Tudor watches were, for a very long time, considered the poor man’s Rolex, and whilst the valid justification would once have been correct, as Tudor were the entry level sub brand for Rolex, things are very different today.
Arguably, 2012 was the game changing year for Tudor, with the introduction of the ETA powered Black Bay. Heavily inspired by the origins of Rolex and Tudor dive watches, with snow flake hands and maxi lume dial with deliberate patina, the Black Bay was an instant hit at an accessible price point, available with red, blue or black bezel. Subtle and not so subtle changes over the models lifespan saw a move to in house movements and deletion of the heritage Rose motif.
2013 saw the introduction of the Heritage chronograph blue, inspired again by a landmark heritage watch, the Monte Carlo. With two sub dials and a date function, the Heritage chronographs offer playful colours, heritage vibes and everyday usability.
While the market has slowly strengthened and prices firmed up, finding a cheap pre-owned Tudor is becoming harder. Nonetheless picking a discontinued ETA (mark 1 if you like) with smiling dial, Tudor rose dial and Tudor rose crown may be a prudent investment. Not long ago, late Tritium Submariners were priced wildly cheaper than their later superluminova brothers, now the mood is aged. Its unlikely Tudor will return to third party movements, so these are not to be repeated.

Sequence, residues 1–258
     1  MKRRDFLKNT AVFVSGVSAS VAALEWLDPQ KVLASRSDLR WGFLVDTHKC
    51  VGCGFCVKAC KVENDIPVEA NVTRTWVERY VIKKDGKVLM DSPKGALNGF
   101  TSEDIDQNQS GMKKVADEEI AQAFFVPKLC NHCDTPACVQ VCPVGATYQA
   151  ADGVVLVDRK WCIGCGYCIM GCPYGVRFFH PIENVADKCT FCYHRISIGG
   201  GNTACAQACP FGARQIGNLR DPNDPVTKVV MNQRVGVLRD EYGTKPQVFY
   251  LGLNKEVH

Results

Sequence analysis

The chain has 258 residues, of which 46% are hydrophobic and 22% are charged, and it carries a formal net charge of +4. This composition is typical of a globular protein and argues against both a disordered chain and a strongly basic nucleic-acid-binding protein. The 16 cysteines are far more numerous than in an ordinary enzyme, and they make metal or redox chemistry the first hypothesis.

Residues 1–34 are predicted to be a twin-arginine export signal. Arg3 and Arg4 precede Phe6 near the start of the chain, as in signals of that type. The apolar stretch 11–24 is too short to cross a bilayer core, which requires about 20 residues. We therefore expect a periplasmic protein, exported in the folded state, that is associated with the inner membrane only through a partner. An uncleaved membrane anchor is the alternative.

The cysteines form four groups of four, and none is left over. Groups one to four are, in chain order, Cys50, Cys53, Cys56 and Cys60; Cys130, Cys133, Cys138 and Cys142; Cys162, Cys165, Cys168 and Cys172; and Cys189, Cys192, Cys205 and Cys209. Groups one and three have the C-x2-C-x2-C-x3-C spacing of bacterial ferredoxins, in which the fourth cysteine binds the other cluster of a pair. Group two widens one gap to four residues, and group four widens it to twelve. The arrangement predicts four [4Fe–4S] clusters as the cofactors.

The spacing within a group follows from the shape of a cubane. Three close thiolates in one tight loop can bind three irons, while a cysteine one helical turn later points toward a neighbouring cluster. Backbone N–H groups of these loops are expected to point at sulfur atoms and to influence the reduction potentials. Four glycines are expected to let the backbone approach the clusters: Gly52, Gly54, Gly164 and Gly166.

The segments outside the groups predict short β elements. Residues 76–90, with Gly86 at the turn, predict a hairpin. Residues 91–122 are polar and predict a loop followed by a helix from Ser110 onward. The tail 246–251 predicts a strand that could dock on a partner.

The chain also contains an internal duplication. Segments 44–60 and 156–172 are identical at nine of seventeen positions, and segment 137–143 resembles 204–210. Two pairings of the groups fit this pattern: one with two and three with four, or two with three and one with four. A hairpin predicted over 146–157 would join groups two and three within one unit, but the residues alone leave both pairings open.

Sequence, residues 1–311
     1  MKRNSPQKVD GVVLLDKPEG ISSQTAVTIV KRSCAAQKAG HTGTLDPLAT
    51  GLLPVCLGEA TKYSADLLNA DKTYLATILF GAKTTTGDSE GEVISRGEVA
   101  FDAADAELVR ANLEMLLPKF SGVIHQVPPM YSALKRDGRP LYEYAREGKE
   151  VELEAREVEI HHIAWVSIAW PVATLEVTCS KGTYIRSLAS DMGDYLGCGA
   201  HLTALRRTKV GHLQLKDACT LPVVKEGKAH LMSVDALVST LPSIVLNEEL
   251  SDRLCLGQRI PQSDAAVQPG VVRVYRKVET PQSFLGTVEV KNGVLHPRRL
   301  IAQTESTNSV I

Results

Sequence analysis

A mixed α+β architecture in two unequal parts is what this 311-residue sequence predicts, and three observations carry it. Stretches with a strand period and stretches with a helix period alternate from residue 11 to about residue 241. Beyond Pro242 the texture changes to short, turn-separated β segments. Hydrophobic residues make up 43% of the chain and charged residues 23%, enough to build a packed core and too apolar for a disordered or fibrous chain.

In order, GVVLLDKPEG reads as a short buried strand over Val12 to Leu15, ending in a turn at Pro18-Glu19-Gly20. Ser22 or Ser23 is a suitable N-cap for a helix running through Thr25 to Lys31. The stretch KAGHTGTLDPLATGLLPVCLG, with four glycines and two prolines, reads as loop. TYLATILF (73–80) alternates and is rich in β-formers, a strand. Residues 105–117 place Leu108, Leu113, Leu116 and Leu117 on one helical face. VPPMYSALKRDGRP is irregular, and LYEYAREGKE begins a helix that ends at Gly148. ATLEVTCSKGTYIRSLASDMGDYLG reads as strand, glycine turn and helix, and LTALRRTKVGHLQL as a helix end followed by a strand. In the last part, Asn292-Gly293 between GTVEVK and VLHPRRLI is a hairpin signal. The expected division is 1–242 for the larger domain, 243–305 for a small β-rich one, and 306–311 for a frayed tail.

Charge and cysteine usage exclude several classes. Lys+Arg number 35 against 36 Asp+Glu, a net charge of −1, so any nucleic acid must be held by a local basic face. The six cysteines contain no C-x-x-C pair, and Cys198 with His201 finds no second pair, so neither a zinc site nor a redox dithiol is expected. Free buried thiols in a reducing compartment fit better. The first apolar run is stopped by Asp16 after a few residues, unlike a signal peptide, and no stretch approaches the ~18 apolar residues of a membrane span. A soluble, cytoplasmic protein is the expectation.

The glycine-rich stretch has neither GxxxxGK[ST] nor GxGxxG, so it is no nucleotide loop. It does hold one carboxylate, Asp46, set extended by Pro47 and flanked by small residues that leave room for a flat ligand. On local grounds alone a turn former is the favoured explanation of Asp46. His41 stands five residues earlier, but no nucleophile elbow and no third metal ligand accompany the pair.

Similarly, the chronographs are in relative abundance in the secondary market and seem underrated at the moment . From an everyday versatility point, they are hard to beat.
Once upon a time, when asked for recommendations for good sports watches around £2-2.5k and under, the standard answer we’d give would be Omega Seamaster. Now, theres a very strong contender for best watch for £2.5k. And turning to Tudor means choice. Dive watch, what colour or retro chronograph? All of which look amazing on steel bracelets, Nato or leather.